- Dynamics (Five Rhythms) is the emotional quality or mood of a movement
It appears that Five Rhythms core ingredient is dynamics. But as shown above, dynamics is but a very small part, a mere consequence of all of the above movement factors.
Let the Body Chose
Real movement therapy uses Authentic Movement, started by Mary Starks Whitehouse in the 1950s as "movement in depth”, a much safer way of expressing feelings through movement. Dance improvisation and pure ecstatic dance does not impose any dynamic qualities upon its users. It lets the body speak for itself which is what the body wants. The body is by nature self correcting if only allowed to express itself freely.
So by guiding the users through given dynamic qualities equal for all, ignoring individuals' personal conditions and abilities, Five Rhythms could have adverse effects on those who may be mentally unstable or physically ignorant (which comprises the majority of the non-moving, obese population today).
Good and Bad Movement
We watched many Five Rhythms videos. No direction, all free flow, quick/slow, bound/free, strong/light, no direct, lots of indirect. What happened to focus, intention, attention, decision, action, awareness, body intelligence? Those are all part of using space in a direct way. If you want to do something, you have to pay attention first, then focus with intention, decide what to do and then do it.
Even in improvisation classes a teacher must, first of all, make the students aware of the difference between “good” movement like reaching up high and wide and bending backwards to counteract the daily grind of “bad” movement and poor posture: an overwhelming slant towards forward and down bending as seen in so many of the five rhythms followers' performances. Ecstatically jumping around dangling the arms in front of a forward bent body, eyes focussed on the ground for hours on end is going to be very damaging to the body. There is much more to moving well than applying a set of dynamic qualities to the same narrow and often harmful set of movement patterns.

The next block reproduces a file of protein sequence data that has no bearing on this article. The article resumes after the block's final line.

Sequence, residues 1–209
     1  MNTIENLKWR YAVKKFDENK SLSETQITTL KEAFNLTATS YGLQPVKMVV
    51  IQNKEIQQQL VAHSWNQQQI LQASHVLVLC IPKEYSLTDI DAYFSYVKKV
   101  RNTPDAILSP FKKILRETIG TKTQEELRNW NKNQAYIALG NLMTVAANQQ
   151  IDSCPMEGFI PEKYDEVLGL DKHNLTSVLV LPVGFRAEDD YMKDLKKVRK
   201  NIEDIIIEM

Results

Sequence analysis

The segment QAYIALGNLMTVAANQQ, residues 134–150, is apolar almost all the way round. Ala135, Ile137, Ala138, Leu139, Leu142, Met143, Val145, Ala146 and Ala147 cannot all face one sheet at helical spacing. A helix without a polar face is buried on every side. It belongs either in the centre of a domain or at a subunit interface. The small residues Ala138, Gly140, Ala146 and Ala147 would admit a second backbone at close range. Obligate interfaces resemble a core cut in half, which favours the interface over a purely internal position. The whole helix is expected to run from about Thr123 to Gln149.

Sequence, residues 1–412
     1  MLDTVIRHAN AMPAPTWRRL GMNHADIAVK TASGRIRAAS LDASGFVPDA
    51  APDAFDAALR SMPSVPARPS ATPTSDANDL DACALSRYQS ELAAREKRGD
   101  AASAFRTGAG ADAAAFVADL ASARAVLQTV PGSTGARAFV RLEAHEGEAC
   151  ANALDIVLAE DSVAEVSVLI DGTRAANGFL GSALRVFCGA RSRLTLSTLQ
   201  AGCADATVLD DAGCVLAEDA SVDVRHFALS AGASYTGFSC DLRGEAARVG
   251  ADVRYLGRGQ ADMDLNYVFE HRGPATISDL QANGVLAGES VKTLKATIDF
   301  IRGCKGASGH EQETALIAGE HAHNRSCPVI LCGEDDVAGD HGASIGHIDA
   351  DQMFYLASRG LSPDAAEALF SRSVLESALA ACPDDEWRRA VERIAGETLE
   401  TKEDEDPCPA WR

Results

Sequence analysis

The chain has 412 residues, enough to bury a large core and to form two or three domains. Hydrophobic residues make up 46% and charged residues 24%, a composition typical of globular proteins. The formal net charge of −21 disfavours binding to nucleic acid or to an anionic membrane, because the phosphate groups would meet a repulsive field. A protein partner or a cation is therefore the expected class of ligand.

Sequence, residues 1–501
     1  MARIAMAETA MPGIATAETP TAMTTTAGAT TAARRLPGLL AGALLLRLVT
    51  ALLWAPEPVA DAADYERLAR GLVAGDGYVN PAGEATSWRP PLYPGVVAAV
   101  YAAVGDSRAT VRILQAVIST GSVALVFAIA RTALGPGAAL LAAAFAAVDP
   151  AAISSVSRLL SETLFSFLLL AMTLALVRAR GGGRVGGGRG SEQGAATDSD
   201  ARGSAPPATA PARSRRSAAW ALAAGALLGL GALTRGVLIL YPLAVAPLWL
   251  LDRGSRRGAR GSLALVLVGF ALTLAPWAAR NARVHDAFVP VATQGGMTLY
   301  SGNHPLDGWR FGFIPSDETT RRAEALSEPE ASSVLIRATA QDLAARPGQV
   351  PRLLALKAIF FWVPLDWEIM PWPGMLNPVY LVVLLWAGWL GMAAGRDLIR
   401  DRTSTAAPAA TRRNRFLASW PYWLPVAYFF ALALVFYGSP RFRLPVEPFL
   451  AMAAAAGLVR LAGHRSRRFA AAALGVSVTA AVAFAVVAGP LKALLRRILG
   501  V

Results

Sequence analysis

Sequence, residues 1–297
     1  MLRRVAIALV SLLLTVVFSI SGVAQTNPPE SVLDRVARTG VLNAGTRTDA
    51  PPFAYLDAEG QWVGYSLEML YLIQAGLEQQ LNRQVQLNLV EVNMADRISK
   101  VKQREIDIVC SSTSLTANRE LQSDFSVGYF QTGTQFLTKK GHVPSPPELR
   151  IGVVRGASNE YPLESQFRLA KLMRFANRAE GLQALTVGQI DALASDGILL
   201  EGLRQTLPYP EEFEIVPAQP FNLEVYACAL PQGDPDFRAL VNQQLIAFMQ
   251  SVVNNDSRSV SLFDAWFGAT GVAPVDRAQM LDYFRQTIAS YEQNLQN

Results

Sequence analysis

The vocabulary, the content of the movements matter more than the way the movements are performed.
Watch and Observe
Dancing is to a human as natural as breathing. In an ideal world it would of course be free. Even if you don’t find your inner soul after having sweated on the dance floor or with friends at a party, dancing will still leave you better off than before. Maybe a few pounds lighter, stronger bones and if you are lucky you have momentarily forgotten about the spreadsheets that are waiting for you at the office.
The current Five Rhythms dance craze may awaken many souls to get their bodies moving but is it really therapeutic? Is it truly healing? Will it make its followers better movers? By leaving out the main ingredients for healthy movement behaviour the current Five Rhythms dance craze may put followers into a brief trans-like state but are their bodies going to endure the stresses of moving badly? How can a non-corrective method which enables, even encourages poor, damaging movement habits to fester be healing?
If you are a good mover with a good posture and a happy, rich and healthy movement vocabulary you will benefit from Five Rhythms. But if you are, like the majority of the population, misaligned, overweight, stiff, and unfit, then the Five Rhythms practice may aggravate what is already wrong with your body. Finally, the question has to be asked: will the Five Rhythms craze ameliorate the abysmal day to day physical behaviour of the majority of the population in the long run? Our answer is: Not likely.
Credit is due to my twin sister Madeleine Kando M.Ed. Dance Movement Therapist who has co-authored this article.